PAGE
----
kriley1 at hotmail.com
Wed Apr 16 15:58:34 CEST 2003
Peter van Kampen <news at datatailors.xs4all.nl> wrote in message news:<slrnb9q90a.mhg.news at datatailors.com>...
> In article <mailman.1050457621.2105.python-list at python.org>, Mike C.
> Fletcher wrote:
> > Andrew Koenig wrote:
> > Okay, so now we have "The Practical Coder's Guide to big-O Notation" :)
> > . We rock ;) ,
> > Mike
> You do, you know...c.l.p really does.
> I think I almost 'get it'. Except who or what decides what Big-O a
> certain algorithm has. Is that by 'hunch' or by running benchmarks or
> are there still other ways to recognize 'Big-O's (except for the
> formal computations that I understand are not very common)?
It's been nearly forever since my compsci algorithms class so be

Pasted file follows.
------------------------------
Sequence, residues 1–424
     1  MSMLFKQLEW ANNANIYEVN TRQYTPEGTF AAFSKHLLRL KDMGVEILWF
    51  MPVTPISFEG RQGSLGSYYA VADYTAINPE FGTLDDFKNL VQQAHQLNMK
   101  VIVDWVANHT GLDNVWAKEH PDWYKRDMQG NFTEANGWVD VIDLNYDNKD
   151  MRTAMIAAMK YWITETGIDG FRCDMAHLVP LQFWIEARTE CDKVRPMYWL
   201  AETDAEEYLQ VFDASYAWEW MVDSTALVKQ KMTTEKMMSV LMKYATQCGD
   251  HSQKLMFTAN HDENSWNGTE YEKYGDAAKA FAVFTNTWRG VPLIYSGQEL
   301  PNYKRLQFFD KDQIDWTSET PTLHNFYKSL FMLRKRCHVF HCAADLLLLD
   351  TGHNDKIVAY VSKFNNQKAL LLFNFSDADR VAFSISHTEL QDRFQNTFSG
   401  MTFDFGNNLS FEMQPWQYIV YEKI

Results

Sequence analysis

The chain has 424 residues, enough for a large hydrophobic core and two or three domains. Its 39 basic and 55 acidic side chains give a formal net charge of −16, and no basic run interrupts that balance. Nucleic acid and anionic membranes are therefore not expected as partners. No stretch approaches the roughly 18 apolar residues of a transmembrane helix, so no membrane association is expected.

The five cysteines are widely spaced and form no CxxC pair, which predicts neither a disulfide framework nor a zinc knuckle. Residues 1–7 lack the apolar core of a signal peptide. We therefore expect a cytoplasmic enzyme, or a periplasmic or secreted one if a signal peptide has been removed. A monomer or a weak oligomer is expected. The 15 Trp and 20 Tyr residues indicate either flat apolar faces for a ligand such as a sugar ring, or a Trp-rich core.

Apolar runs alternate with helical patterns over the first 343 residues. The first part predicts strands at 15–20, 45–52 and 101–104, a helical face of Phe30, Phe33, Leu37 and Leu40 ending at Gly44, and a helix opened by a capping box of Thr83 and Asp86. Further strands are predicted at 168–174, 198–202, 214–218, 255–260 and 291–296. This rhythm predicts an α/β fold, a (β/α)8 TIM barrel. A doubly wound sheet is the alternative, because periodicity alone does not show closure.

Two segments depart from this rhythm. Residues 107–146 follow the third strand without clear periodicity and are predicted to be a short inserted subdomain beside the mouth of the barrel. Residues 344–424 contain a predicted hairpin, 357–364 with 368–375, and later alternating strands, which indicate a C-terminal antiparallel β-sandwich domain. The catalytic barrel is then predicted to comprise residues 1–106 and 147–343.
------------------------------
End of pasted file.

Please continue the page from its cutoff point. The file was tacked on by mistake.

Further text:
gentle if I'm glaringly wrong :). Big O notation is a way to convey
the magnitude of work that it takes for an algorithm to do it's job
(ignoring any constant time). So, for a sufficiently large N, the work
required for an algorithm is something like N or NlogN etc.. No one
decides what order an algorithm is, it is an inherant property of the
If you execute quicksort on a wide variety of sample sets of different
sizes then measure and plot the processor time vs sample size, it will
approximate the graph of NlogN. Therefore the algorithm has order
NLogN. The same will apply to bubble sort (order N^2), etc.
I haven't seen the referenced Big-O posting but there is a decent
explanation of Big-O and sorting algorithms here
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